Little Free Libraries

"If you have a garden and a library, you have everything you need"
~Marcus Tullius Cicero

Little free libraries is a concept which began with a group in Wisconsin and has spread across the country and the globe. Have you heard of this phenomenon? You put out a box full of books and allow the public to take a book to read and give a book for others to enjoy. These boxes are being added to public parks, downtown areas, and neighborhoods.

This is a fabulous way to promote literacy and encourage students of all ages to share/donate their books that they have already read. Gardens on Green is a public education garden supported by the Master Gardeners of Hall County, Georgia (of which I am affiliated). We kicked off this concept for the county with three boxes: one for elementary school, one for middle school and one for high school level readers.

Georgia state bird: Brown Thrasher
The boxes have been painted to tie in the garden theme and the state symbols of Georgia. Our state bird: the brown thrasher; our state butterfly: the Eastern Tiger Swallowtail; and, state tree: the Live Oak.

Georgia state butterfly (showing the life cycle): Eastern Tiger Swallowtail
The purpose of the little free libraries began as a way to support community libraries by extending their reach to areas in the community that may not otherwise use them. Many boxes are being themed with ideas such as "We're Cooking Now", "History in a Box", "House of Health & Wellness" or a "Celebration of Culture & Community. The ideas are endless!

Georgia state tree: Live Oak
At Gardens on Green the libraries have been seeded with gardening themed books to encourage not only reading but also life in the natural world. Think faeries, dirt, insects, life cycles, seeds, exploration, dragonflies, amphibians and wildflowers. There are so many ways to get immersed into the world of nature! And if you are a parent of a young student you can use the books as a way to introduce gardening concepts to your child. Most recently we had a group of students who made magical faerie houses using elements found in the garden. What a great way to create memories and maybe even ignite a passion for nature!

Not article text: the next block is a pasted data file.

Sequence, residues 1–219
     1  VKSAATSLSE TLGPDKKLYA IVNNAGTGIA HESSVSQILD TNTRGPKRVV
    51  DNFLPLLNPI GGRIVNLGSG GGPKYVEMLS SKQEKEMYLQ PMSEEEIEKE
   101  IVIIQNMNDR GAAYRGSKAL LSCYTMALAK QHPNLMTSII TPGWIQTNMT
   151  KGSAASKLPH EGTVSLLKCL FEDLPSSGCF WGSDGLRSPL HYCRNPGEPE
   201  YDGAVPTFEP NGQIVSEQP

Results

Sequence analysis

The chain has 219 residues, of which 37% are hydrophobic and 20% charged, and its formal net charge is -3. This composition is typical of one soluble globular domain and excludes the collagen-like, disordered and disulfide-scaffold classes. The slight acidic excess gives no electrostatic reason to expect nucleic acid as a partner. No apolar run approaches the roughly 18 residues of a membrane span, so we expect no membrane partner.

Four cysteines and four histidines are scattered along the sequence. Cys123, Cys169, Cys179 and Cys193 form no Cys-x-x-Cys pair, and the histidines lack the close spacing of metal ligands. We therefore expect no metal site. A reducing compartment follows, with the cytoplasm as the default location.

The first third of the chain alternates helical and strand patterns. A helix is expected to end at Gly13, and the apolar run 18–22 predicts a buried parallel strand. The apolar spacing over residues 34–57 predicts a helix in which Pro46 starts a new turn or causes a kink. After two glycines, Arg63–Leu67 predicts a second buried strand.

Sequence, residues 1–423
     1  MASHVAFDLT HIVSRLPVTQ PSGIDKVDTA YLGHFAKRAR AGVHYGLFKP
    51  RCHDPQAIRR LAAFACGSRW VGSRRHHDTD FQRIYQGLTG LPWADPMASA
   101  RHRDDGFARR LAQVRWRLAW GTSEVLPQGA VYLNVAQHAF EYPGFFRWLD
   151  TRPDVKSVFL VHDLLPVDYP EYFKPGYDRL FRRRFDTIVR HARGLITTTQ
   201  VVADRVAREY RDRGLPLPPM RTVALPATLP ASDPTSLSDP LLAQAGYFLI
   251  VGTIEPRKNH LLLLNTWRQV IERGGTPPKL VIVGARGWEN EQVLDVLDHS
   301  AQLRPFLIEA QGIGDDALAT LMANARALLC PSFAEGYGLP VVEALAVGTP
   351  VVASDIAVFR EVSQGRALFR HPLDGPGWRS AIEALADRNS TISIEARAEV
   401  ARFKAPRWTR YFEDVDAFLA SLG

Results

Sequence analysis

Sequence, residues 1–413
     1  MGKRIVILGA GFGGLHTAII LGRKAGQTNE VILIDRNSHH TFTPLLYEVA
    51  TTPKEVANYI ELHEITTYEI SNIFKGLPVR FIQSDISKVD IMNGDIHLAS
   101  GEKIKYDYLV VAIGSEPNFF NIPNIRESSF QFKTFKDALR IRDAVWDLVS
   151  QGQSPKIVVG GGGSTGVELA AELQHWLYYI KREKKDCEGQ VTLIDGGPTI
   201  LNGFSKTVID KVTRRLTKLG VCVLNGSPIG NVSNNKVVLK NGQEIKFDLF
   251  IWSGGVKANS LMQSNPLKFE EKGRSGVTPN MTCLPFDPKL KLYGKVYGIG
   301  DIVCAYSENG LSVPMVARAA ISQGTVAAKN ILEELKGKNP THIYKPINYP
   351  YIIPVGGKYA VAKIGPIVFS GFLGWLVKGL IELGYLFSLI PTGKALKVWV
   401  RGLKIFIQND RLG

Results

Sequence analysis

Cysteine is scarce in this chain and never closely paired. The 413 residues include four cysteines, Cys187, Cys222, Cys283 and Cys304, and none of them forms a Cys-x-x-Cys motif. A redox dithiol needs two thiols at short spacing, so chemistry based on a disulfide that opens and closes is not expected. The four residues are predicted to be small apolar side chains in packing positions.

So grab a book and find a comfortable place to sit in one of the 7 themed gardens that make up Gardens on Green (vegetable garden, pollinator garden, native garden, conifer garden, bulb garden, gold medal garden and deer resistant garden) and enjoy your read!

You can take the book home but don't forget to put a book in the box that you think others may enjoy.

Gardens on Green is a public educational garden located at 711 Green Street, Gainesville, Georgia and is a collaborative effort of the Hall County Master Gardeners and Hall County School System

For more information on Little Free Libraries click here


  1. What a great idea. I just joined a community garden in the spring and have back issues of organic gardening that other gardeners might find useful. One of the bureaus at work has a mystery bookcase, too. Anyone can take a book or leave a book.

    1. That is great Theta! You will have to keep us posted on your community garden activities.

  2. Great idea. More communities should adopt this process. Love the boxes. They are so beautifully painted.

  3. I'm trying to remember where I first read about this. What a clever idea!

  4. I read about this library movement not too long ago. What a fabulous idea!! That is so great you got to be involved in setting one up. I hope it gets lots of use! I love the cute little fairy gardens, too :)

  5. What a great idea - kudos to the Master Gardeners of Hall County for furthering this idea.

  6. I love this idea. did you know they have a Facebook page?

  7. I love these! We have several in our neighborhood, and plan to add one to our property. It's a great concept, and the idea of adding a garden/nature theme is wonderful!

  8. I love this idea and will bring it to the city where I is perfect to tie in the schools and the public library with the parks...

  9. I've heard of this idea and think it's really cool. I've also heard of people who leave books in public places that have had the interior pages stamped with instructions to return them to another public place after they've been read. I really love that the book boxes are themed. :o)

  10. I haven't heard of this idea either, but I like the concept of extending the reach of libraries. It is nice that the boxes are decorated and themed. I think kids especially would like this idea.


Post a Comment

One of my favorite things about blogging is the conversation with readers. Leave a comment and let's get talking. ~Karin

Popular Posts